3D Images Recreate City Destroyed by Atomic Bomb

Uploaded by TheVJMovement on 13.04.2011

This image represents this part of the picture.
Blurry images give Byungdug Jun
a window into another lifetime.
This area has absolutely nothing left.
A past an atomic bomb destroyed.
Pictures offer concrete proof.
They provide undisputed evidence
of what happened.
The University of Nagasaki professor
studies the pictures to recreate a 3D image
of the city's Urakami neighborhood --
ground zero of the nuclear attack.
In an instant, tens of thousands of people died.
An entire community was reduced to ashes.
This aerial image of Nagasaki inspired
Jun's project. An American warplane snapped it
in 1945, two days before the U.S. dropped
an atomic bomb on the city during World War II.
The U.S. released the picture a few years ago,
giving Jun the first glimpse into life
before the bombing.
What started out as a sketch of rooftops turned
into a recreation of street corners and buildings.
Students Yurika Uchijima and Kanouko Maeda
asked to take on the project for
their graduate thesis.
My grandmother is an atomic bomb survivor,
so I had heard stories about this neighborhood.
That's a big reason I connected with the project.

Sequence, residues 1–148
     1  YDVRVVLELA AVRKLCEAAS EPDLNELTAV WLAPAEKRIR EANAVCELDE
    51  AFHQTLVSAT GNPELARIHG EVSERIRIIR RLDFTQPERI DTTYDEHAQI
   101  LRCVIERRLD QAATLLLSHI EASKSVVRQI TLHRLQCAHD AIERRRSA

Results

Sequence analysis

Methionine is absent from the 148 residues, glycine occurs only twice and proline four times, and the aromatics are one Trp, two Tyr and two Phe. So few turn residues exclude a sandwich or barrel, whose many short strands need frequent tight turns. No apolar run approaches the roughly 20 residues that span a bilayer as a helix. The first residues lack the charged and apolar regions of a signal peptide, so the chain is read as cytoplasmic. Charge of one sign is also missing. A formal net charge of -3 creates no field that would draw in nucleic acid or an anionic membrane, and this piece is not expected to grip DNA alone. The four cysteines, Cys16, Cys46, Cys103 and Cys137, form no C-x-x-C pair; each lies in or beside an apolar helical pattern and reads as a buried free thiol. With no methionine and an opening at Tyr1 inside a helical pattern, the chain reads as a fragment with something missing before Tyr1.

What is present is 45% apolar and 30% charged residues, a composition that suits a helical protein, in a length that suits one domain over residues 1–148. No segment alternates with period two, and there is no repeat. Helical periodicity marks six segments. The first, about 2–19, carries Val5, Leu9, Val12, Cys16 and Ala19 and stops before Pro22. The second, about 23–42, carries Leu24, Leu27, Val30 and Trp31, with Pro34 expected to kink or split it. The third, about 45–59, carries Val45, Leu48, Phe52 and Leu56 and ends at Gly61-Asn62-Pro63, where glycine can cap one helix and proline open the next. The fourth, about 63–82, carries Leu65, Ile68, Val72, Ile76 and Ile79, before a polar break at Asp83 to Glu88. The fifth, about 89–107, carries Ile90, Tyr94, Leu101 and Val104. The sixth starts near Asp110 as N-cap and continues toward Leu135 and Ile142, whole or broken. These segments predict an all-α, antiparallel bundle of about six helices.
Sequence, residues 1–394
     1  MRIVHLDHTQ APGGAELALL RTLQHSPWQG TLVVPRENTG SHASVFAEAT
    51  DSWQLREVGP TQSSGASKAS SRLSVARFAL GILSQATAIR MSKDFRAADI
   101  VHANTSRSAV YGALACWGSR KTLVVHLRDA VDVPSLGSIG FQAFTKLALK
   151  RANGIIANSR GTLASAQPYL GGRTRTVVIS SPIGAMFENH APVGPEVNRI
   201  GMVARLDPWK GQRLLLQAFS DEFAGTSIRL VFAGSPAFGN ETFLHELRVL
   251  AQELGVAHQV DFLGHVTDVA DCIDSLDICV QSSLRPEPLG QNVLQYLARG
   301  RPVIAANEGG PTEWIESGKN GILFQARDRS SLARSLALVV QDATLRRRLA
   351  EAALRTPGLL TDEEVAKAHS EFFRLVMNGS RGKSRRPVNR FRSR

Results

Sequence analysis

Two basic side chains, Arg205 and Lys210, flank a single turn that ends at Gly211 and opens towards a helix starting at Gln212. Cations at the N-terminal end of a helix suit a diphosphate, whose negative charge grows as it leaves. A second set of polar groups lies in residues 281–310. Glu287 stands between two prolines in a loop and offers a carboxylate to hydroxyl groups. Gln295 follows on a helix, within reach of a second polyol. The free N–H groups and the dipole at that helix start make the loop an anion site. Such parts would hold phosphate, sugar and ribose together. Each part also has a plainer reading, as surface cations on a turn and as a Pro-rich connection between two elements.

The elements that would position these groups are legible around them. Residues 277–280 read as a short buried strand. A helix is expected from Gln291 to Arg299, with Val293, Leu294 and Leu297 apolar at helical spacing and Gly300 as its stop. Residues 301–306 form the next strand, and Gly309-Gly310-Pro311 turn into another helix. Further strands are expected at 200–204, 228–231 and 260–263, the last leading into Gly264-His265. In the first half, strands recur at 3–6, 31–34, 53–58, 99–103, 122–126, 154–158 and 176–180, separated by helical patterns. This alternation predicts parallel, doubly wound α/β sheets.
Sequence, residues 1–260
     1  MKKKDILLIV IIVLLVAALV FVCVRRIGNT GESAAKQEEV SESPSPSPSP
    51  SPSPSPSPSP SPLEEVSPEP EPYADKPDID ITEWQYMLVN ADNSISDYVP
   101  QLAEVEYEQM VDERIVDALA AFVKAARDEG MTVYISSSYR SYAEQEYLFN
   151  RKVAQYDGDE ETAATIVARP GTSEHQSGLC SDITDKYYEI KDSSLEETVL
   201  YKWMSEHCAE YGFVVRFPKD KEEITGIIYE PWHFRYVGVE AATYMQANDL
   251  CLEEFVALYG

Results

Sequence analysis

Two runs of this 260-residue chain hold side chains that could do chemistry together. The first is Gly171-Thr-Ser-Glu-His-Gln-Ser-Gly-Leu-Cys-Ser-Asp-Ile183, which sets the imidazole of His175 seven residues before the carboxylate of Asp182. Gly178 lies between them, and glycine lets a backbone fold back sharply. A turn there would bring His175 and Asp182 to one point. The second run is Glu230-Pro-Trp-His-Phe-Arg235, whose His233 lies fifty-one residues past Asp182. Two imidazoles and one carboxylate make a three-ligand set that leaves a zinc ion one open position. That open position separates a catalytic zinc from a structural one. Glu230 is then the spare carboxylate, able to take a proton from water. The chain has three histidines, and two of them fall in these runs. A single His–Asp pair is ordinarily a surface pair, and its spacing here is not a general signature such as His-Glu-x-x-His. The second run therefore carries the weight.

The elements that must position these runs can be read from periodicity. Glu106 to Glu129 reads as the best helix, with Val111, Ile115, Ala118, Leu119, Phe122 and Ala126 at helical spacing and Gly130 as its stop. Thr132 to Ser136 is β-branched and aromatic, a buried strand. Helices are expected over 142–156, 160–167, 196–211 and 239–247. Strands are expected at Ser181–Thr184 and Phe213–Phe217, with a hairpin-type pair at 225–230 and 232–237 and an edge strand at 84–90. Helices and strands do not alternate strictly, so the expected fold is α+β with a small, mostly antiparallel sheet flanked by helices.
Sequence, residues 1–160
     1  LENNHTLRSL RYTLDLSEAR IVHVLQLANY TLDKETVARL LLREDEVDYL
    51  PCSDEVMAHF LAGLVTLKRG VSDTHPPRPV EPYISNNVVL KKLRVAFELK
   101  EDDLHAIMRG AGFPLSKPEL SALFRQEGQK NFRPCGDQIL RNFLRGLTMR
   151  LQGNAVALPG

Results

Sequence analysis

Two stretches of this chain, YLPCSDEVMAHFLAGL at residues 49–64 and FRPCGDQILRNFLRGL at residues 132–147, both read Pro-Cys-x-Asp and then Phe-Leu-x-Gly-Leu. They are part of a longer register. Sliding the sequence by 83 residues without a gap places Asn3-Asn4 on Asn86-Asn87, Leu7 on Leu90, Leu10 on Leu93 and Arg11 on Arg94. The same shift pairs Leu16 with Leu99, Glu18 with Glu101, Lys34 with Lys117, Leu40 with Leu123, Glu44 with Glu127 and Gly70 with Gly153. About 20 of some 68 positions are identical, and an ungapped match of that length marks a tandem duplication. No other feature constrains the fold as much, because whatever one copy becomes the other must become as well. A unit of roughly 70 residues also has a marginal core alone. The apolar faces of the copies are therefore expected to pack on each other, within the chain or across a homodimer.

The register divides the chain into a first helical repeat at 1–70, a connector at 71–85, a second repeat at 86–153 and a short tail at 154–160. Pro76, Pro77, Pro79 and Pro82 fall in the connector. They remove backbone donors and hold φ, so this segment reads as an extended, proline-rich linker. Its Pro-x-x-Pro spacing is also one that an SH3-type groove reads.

There weren't many pictures that survived
the Nagasaki bombing.
So Maeda and Uchijima walked Urakami streets,
knocked on every door,
searched for atomic bomb survivors
and their memories of happier days.
That search led them to Yoshitoshi Fukahori,
a survivor who had spent 30 years collecting
pictures of Nagasaki for the city's
Foundation for Peace.
Fukahori describes Urakami as a community
that operated like family and shared
in each other's joy.
When his sister -- a talented singer -- performed
on the radio, everybody packed the local
barbershop to hear her voice.
Fukahori wasn't home the day of the bombing,
but his sister was.
He found her, his uncle and aunt dead
when he returned home a few days later.
I feel like we have somewhat of an obligation
as living survivors, to tell the whole story.
Fukahori's stories have turned an academic
project into a personal one.
Students spend hours perfecting the texture
of Fukahori's church.
They mull over the width of the street
in front of the local dry cleaner.
So far, Maeda and Uchijima have recreated
a tenth of Urakami's buildings.
But they say there are limits to 3D.
We really felt that it wasn't enough
to recreate this neighborhood.
We wanted to bring joy to people
like Mr. Fukahori.
That desire drove us through
this entire process.
The students plan to complete the project
by December, when they graduate.
Jun plans to take the 3D images beyond
the classroom after that.
He says he sees this as a tool for peace --
a bridge to another time in history.
A nuclear weapon wiped away.